by Fancy Free Diva
Disney is a place for families, and many families dream of bringing their children to that magical place, watching those little faces light up with joy, reveling in the wonder and magic of it all. A lot of Disney planning sites will tell you, though, that in order to get the best experience, you should wait until your child (or children) are X years old. I am not one of those people. Life is short and unpredictable, and it is my firm belief that people should travel to Disney whenever they can, regardless of how old (or young) they or their children might be. It is the direct result of this belief that led me to take my 2 ½ month old son to Walt Disney World.
Traveling to WDW with an infant isn’t really as hard as it sounds, though. In fact, he was a lot more manageable than my three-year-old daughter was on that same trip. That being said, there are a few things that can help make your trip to WDW with an infant more manageable. Here are my top three tips:
- Invest in a good baby carrier. I am a big fan of wearing your baby, and having a good infant carrier is an indispensable piece of gear if you are planning to go to WDW with your infant. I used my Ergo with the infant insert, and I loved it. As a nursing mom, it was super convenient to be able to feed my son while I was wearing him, and the snap-up cover meant that I could be modest about it, too. (Diva Tip: It is probably a good idea to bring a nursing cover – or three – with you. That being said, don’t be too nervous about nursing in public, either. I saw lots of breastfeeding moms on my last trip, so know that you will not be alone!) Incidentally, Fancy Free Son’s second trip to WDW occurred when he was only 14-months, and I used the Ergo again for that trip, too. It was a real lifesaver, especially during mealtimes. (Diva Tip: Most restaurants at WDW do not like families to bring strollers inside. While many venues will make exceptions for a sleeping baby, you cannot always guarantee that will happen. If you can wear your baby, though, you don’t have to worry about bringing the stroller inside, and if the child is sleeping, he or she can continue napping while you eat. It’s a win-win.)
- Have a cooling system set up. Both times I brought my son to WDW, it was the peak of summertime heat: July 2014 and August 2015. I was worried about how he would handle the heat and humidity, especially if I was wearing him a lot of the time, so I made sure to plan ahead. We purchased a battery-powered stroller fan for those times when he was in the stroller, and we purchased some of those athletic cooling towels (FrogToggs). (Diva Tip #1:The stroller fan we purchased needed a screwdriver to unscrew the battery panel and replace the battery. If the stroller fan you use has that same safety feature, be sure to bring a small screwdriver into the park with you just in case your batteries die. The screwdriver we used looks like a ball point pen and took up very little room in our already crowded park bag. Diva Tip #2: In addition to using the stroller fan and the cooling towels, we also planned our meal times and attractions so that we balanced outside activities (parades) with inside activities (Hall of Presidents, Disney Jr. Live on Stage, etc.). We also never stayed out in the heat for too long, and fortunately Disney has enough shops, restaurants, and inside attractions so that it was relatively easy to stay cool most of the time – even if he was strapped into the baby carrier.) In any case, be judicious about how you plan your meals and attractions. For example, I found it easier to plan table service meals during my little one’s nap time, that way Mommy could enjoy her meal a little more. Then, after the meal, we hit a show, like the Carousel of Progress, which is a family favorite, so that he could eat in peace, too!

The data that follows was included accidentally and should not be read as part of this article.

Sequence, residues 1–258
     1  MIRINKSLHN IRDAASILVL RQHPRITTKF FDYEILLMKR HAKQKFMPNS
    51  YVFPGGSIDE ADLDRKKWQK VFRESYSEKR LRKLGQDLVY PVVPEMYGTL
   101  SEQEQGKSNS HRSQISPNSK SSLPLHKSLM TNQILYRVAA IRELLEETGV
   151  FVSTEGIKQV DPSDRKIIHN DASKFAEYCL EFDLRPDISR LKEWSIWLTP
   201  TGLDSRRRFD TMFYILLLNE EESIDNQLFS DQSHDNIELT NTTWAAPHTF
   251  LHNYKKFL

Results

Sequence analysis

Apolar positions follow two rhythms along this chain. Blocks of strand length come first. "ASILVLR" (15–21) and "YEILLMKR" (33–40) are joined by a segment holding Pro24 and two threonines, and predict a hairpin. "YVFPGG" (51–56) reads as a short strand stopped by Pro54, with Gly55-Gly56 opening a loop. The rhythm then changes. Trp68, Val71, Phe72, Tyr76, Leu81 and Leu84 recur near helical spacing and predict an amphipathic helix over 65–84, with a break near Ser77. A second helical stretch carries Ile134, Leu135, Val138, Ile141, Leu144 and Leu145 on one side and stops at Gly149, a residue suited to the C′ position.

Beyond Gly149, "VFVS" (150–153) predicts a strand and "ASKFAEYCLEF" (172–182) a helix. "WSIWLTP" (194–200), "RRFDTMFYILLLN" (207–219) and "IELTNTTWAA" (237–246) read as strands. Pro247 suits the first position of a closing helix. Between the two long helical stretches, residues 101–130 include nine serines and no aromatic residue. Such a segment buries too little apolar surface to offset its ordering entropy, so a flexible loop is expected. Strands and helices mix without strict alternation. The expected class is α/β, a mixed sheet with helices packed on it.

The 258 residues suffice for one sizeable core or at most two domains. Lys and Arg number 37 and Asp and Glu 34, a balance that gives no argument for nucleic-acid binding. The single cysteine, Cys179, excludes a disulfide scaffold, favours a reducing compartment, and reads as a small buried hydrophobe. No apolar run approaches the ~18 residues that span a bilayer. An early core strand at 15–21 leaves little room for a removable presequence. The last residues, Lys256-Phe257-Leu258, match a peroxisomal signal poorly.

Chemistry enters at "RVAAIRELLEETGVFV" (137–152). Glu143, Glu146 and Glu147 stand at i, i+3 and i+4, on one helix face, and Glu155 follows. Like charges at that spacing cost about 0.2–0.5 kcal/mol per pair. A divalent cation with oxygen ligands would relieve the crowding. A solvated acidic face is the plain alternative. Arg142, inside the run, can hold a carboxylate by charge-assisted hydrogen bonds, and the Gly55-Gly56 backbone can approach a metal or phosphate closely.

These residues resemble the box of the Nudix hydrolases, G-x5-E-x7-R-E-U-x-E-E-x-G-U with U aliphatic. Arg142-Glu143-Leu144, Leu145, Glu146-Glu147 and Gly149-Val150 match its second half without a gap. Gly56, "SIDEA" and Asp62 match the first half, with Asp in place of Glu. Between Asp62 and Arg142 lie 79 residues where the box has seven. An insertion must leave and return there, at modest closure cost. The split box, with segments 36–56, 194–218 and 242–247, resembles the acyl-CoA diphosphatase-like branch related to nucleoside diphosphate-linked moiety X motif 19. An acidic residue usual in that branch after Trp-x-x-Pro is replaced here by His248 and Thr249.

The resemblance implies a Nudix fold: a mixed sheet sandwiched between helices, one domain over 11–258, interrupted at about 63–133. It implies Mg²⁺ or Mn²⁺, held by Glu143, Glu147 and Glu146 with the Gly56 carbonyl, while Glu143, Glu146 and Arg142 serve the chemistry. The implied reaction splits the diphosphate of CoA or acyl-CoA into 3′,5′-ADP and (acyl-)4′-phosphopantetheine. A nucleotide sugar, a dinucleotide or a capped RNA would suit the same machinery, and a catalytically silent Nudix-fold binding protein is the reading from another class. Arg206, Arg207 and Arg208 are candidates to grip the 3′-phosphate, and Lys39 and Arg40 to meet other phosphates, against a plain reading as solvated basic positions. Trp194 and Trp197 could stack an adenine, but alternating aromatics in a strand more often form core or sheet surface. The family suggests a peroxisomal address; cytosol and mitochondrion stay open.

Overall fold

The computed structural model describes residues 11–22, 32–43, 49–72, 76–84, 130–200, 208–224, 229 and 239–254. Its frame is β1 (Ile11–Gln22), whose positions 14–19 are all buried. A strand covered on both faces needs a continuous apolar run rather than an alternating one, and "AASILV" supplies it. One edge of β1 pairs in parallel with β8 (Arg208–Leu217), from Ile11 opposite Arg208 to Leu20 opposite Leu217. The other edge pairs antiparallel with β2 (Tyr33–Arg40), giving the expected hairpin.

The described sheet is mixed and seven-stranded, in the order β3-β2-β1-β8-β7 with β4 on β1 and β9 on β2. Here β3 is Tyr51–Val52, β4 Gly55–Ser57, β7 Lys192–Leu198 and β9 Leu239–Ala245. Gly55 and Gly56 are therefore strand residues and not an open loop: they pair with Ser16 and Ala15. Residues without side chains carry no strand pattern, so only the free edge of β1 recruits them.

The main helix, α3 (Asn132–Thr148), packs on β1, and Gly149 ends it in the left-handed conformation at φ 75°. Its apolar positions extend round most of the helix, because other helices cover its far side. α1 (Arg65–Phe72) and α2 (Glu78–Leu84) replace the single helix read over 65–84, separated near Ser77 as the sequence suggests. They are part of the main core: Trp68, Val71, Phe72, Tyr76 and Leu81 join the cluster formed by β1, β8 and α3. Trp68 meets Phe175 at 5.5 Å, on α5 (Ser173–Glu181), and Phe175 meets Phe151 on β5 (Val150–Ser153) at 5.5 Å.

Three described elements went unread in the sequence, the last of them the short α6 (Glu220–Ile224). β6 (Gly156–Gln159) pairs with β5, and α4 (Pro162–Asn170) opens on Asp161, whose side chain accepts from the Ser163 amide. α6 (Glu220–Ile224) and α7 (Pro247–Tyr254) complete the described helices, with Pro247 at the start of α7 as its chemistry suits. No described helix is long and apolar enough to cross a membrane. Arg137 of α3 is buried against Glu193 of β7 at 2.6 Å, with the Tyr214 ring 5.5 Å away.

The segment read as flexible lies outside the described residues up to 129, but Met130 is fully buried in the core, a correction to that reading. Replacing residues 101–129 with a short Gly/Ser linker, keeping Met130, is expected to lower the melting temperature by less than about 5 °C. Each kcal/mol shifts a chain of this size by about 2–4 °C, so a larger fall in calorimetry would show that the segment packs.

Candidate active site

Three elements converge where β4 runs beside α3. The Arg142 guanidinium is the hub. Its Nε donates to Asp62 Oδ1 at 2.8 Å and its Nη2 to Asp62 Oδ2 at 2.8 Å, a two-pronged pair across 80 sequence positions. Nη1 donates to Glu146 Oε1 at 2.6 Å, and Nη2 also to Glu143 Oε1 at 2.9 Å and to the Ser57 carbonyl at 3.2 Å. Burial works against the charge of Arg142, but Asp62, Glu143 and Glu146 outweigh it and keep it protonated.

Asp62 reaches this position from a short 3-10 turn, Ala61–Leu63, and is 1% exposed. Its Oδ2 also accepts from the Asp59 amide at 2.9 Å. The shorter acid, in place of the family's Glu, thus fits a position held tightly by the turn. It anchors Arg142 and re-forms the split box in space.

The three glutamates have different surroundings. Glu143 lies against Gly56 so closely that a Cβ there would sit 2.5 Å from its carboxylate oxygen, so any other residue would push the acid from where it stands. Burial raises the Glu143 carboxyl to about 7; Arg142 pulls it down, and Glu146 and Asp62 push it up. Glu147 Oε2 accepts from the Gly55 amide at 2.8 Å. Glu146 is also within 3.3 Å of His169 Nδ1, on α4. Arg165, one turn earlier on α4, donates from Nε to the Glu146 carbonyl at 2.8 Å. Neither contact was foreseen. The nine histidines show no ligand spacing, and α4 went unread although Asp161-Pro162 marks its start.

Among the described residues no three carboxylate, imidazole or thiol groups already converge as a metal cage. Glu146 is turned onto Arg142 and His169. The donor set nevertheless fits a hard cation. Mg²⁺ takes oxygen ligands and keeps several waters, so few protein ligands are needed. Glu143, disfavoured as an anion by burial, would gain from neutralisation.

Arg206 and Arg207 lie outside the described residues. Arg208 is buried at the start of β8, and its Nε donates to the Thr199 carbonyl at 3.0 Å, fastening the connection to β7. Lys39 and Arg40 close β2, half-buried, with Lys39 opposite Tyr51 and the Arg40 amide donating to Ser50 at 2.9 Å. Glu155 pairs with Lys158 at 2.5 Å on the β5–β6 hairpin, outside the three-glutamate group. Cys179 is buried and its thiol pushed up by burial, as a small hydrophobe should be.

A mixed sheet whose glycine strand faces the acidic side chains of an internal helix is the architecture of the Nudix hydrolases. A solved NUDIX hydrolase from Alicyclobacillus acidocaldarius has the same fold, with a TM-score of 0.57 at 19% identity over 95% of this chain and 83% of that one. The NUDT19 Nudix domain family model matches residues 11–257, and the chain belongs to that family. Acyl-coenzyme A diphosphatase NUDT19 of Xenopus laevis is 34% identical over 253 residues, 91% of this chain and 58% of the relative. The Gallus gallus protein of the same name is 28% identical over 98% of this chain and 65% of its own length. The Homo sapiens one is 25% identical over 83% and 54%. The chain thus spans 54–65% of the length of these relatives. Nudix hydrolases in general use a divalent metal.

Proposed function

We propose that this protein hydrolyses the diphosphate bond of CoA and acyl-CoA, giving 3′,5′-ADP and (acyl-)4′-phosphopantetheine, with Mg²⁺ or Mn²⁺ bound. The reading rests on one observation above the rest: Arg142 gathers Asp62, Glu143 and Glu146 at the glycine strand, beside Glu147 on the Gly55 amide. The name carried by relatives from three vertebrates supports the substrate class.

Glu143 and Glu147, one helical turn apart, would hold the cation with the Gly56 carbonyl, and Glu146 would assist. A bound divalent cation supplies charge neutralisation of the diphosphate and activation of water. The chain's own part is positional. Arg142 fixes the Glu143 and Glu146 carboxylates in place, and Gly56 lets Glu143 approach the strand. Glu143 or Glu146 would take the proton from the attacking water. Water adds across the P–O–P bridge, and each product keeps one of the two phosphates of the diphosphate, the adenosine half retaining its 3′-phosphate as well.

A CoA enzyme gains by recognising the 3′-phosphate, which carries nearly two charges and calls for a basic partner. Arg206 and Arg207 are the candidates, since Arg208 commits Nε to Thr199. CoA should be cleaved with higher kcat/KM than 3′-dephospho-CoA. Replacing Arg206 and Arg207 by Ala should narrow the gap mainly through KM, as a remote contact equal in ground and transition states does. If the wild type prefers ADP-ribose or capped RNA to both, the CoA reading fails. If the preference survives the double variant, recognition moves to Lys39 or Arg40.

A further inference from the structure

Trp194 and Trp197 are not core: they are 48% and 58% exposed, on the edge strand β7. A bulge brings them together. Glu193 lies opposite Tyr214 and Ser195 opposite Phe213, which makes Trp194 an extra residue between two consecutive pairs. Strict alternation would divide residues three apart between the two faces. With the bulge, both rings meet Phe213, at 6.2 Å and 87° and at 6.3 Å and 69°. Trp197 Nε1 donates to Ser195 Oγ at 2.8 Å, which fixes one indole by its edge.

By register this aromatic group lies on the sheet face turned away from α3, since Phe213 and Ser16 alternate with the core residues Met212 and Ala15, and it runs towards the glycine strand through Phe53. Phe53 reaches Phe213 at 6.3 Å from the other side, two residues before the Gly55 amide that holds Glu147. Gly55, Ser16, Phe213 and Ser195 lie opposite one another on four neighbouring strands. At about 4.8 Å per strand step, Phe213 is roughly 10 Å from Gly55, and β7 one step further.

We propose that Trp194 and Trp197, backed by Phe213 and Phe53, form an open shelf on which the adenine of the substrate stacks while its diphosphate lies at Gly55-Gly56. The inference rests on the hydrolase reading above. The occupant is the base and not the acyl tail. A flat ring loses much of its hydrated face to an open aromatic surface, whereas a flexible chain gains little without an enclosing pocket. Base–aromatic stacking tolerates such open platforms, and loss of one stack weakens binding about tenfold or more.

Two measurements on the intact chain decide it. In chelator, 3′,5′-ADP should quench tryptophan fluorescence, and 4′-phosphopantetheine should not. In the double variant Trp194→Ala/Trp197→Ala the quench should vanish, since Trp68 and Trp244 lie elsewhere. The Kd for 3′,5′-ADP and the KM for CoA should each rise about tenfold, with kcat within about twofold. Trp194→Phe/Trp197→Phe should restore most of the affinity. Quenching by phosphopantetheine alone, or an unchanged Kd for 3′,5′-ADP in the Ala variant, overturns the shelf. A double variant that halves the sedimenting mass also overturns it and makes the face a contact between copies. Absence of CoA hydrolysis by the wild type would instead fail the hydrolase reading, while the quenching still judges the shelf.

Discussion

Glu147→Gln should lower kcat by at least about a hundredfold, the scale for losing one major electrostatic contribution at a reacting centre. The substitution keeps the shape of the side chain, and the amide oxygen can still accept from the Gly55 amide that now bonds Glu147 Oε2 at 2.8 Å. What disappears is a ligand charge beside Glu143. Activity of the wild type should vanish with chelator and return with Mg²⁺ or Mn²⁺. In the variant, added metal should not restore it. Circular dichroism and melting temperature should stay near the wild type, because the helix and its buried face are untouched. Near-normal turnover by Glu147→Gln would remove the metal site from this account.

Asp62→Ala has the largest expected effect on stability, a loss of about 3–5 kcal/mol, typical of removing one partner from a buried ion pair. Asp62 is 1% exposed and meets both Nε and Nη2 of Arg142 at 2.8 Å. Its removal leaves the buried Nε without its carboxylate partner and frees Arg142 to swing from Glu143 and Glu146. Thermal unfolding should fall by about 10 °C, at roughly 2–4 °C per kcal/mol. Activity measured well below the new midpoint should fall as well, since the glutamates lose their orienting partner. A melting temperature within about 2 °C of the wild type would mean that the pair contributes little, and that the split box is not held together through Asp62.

Diva Tip: Every Disney Park also has a Baby Care Center. The Baby Care Center has everything your baby might need, from extra diapers, baby food, diaper rash cream, infant medication (tylenol), you name it. They also have full size changing tables, high chairs, and TVs playing Disney films. Oh, and did I mention that they’re air conditioned? Did I also mention that within each Baby Care Center, there is also a quiet room set aside for nursing mothers. If you don’t feel like nursing in public, or if you and your baby just need some quiet time, these rooms are for you! Read Pink Diva’s review of the Baby Care Centers for more information about these havens from the heat!
3. Stay hydrated. We usually bring water bottles into the park with us. We have these super cute Mickey and Grumpy themed metal thermoses that have shoulder straps that are perfect for keeping water cool on hot days in the parks. But, did you know that all quick service locations in the Disney Parks will give you a *FREE* cup of ice water if you ask nicely? Absolutely. So, if you don’t like the way Florida water tastes (eww!) and are reticent to use the water fountains that are also judiciously placed throughout the parks, ask for those *FREE* cups of water whenever you pass a quick service dining location. As Doc McStuffins always says, “you gotta drink way more water than you think!”
Nursing at Disney isn’t completely without its frustrations, but it also doesn’t have to be as hard as you might think. For other tips about touring the parks with an infant or toddler, check out Budget Diva’s tips for breastfeeding in Disney or Local Diva’s article listing some great nursing spots in the parks.
***Disclaimer – We at Tips From the Disney Diva’s and Devo’s hope you enjoy reading our articles, and encourage you to share any that you may feel be of interest to someone else. We do ask, however, that if you choose to share the photographs that are attached to our articles, it is with the understanding that you will give credit to the actual photographer who took the picture as you share or post it, thank you.